Just some notes. I’m not terribly happy with the arguments from the dictionary, they’re just to get started thinking about this poem.
“They say that “Time assuages”…” (686)
They say that “Time assuages” -
Time never did assuage -
An actual suffering strengthens
As Sinews do, with age -
Time is a Test of Trouble -
But not a Remedy -
If such it prove, it prove too
There was no Malady -
The link between “assuage” and “age” seems only established by rhyme; “assuage” is from the Latin “suavis,” meaning “sweet” or “delightful.” I don’t think I need to say how aging feels to most of us: the first stanza reiterates that sentiment without any ambiguity.
But in a poem devoted to Time, the very first word stands out: “they” makes one wonder why Dickinson’s speaker has opened up the question of who exactly holds the opinion “Time assauges.” “They” links indirectly with “trouble;” there’s the Latin “turbulare” which the free online dictionary is telling me with “turbidus” (confused) and “turbula” (small group). The origin is the confusion of many? That’s certainly an interesting spin on primordial Chaos.
So now we have to wonder about the speaker: for her, “Time never did assuage.” Perhaps Time could assuage; how would this happen? One has to look at “an actual suffering” completely in a “that which does not kill me makes me stronger” manner. An initial, surface gloss would most likely ignore that dark irony: after all, the “suffering” itself “strengthens” as/like “sinews.” “As” keeps the “suffering” a distance from the “sinews,” but “sinews” isn’t just “tendons:” the dictionary also notes that it is a source of vitality and strength [anyone got an OED? It would be very useful right about now].
So our speaker has perhaps been hardened by pain; she says “an actual suffering,” distancing herself from “they” who don’t know what suffering is. We can read “other people” for “Trouble” and come to a very cynical conclusion regarding the second stanza: people who say “Time assuages” don’t pass the test Time actually is, inasmuch as an inability to grip pain properly means they never truly felt any pain. But that makes our speaker too bitter to be reflective in any way; it reduces the poem to aspersion.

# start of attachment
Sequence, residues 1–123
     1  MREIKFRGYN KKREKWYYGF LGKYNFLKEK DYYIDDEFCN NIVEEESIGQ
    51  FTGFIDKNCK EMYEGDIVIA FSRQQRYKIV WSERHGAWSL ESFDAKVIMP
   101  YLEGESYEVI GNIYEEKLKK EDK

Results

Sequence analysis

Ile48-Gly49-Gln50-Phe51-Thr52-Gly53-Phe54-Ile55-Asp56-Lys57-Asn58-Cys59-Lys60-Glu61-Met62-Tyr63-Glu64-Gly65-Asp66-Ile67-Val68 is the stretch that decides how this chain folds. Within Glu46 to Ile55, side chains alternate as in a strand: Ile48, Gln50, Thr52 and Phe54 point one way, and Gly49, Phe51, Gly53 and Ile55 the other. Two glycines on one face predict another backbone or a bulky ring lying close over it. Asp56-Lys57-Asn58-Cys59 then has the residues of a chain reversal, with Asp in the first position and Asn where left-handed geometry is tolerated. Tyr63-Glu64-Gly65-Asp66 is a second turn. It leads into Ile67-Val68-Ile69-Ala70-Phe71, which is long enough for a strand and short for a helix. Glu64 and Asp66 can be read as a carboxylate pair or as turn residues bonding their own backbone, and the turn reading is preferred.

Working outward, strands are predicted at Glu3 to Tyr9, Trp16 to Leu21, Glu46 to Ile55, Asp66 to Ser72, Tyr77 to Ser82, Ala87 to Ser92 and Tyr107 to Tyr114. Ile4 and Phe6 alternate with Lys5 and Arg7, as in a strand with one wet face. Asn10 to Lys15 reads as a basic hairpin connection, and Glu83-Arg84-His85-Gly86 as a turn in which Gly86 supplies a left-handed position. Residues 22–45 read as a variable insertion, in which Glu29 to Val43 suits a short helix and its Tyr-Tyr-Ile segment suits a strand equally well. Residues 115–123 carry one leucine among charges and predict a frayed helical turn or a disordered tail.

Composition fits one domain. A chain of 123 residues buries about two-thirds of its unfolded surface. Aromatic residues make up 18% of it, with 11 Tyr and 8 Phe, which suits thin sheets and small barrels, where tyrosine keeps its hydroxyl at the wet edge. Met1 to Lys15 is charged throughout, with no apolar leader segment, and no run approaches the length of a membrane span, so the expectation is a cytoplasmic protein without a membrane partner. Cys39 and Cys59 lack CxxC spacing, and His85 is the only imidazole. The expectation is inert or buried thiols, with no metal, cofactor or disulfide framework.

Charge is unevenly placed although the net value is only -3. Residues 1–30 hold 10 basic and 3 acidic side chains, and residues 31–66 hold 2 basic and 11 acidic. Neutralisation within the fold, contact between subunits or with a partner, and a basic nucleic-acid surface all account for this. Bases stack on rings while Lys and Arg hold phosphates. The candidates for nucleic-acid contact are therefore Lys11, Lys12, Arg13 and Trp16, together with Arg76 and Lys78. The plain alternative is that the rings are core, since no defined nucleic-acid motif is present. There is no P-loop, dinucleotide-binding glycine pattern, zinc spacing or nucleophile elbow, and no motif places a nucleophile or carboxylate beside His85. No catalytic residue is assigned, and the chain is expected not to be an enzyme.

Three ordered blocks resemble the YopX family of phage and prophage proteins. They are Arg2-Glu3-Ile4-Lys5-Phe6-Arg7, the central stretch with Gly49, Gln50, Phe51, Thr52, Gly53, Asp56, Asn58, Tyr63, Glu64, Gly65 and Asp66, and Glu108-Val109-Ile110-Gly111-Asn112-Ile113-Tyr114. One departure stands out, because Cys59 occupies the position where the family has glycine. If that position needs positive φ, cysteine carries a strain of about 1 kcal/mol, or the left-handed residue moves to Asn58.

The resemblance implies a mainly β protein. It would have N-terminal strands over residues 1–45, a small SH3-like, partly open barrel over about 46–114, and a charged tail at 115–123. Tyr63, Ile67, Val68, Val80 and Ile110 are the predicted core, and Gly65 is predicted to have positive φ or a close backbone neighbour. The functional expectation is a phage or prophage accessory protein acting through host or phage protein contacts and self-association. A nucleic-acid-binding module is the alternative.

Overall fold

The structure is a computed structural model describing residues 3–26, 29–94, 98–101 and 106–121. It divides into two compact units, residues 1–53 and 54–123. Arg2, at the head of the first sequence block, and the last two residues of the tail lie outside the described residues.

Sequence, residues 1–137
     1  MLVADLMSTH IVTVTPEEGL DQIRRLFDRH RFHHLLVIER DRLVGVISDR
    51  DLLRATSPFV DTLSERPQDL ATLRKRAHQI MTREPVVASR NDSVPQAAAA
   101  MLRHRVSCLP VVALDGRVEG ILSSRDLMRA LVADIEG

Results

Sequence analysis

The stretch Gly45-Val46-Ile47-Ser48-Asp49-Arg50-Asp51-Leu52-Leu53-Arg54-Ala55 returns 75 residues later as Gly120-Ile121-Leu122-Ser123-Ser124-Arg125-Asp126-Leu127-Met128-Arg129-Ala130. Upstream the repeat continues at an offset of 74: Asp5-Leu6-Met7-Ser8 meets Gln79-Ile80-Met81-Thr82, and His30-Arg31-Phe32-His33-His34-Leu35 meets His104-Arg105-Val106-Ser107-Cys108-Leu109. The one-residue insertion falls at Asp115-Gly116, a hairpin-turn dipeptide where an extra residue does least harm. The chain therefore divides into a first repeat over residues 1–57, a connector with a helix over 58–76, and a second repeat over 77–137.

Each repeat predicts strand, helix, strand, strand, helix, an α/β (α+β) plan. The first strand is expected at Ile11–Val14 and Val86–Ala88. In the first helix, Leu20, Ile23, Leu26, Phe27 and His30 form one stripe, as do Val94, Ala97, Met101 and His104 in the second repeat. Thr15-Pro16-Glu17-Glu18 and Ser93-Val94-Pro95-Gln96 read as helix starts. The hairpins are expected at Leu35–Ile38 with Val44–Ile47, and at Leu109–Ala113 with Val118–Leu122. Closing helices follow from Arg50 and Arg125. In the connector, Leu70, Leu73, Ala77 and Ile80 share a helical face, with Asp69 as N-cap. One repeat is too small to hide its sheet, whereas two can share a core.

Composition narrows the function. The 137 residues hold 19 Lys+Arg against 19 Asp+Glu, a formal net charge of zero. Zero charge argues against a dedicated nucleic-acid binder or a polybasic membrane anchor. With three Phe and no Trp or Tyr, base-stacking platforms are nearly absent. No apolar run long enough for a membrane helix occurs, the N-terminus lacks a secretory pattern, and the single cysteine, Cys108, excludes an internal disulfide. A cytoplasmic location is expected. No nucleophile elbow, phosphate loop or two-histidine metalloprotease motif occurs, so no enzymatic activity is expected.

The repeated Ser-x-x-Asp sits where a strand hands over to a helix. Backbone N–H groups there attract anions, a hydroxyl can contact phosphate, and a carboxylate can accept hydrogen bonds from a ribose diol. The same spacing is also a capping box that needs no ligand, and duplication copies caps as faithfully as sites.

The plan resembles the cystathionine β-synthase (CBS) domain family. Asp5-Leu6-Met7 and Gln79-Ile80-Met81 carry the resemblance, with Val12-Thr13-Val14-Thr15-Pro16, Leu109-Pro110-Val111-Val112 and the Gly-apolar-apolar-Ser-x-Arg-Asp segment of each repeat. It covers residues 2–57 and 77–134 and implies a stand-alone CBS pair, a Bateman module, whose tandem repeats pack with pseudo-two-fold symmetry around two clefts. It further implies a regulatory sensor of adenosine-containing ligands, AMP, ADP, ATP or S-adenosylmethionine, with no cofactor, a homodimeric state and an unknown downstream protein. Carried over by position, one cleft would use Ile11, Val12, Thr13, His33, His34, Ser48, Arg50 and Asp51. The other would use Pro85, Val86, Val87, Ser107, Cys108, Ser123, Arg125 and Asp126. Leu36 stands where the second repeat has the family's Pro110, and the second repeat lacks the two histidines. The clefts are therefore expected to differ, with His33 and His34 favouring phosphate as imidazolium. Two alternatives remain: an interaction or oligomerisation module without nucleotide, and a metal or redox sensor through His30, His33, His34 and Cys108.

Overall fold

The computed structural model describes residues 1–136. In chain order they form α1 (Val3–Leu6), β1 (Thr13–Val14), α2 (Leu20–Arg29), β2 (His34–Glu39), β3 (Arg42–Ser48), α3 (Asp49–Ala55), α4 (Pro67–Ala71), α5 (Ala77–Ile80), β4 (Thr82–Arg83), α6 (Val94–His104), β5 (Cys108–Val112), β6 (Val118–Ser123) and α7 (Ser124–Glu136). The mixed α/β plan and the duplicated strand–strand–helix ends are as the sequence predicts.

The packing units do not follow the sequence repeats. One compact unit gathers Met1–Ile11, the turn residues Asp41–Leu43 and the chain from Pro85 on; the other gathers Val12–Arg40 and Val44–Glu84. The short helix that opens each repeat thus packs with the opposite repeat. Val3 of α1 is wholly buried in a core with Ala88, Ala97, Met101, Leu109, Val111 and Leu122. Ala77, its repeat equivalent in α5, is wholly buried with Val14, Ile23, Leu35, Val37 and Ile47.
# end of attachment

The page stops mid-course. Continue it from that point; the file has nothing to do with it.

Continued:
We need to preserve the puzzle and the pain of ignorance that accompanies it. A close look at “remedy” gives us the Latin “remedium,” re + mederi (to heal). A “remedy” can heal one again. “Malady” brings us to “male habitus,” “in poor condition.” “Habitus” is from “habere” (to hold). Consider, also: “If such it prove, it prove too” – we started with “they,” moved to an oblique consideration of the speaker (“actual”), and now we are reduced to “it?” We prove, not “it,” no?
What makes us unique is the pain we each hold. It is a dark, tragic teaching, but not too far from the more optimistic Platonic/Socratic ‘anger indicates the existence of justice’ – after one is wronged, with patience and time, one can articulate what exactly felt unjust. And that actually gives us an answer why Time doesn’t assuage: there’s more to life than the continuous progression of time. Our sinews strengthen with age because there are motions we continually make, and we get better with them. We allow our sufferings to strengthen sometimes because we stand for something and are (rightfully) frustrated. “Assuage” and “age” are linked in a negative way, then: to expect time to assuage is the hope of youth. Those of us who have become older have an entirely different set of expectations, and are well beyond the poem’s “they.”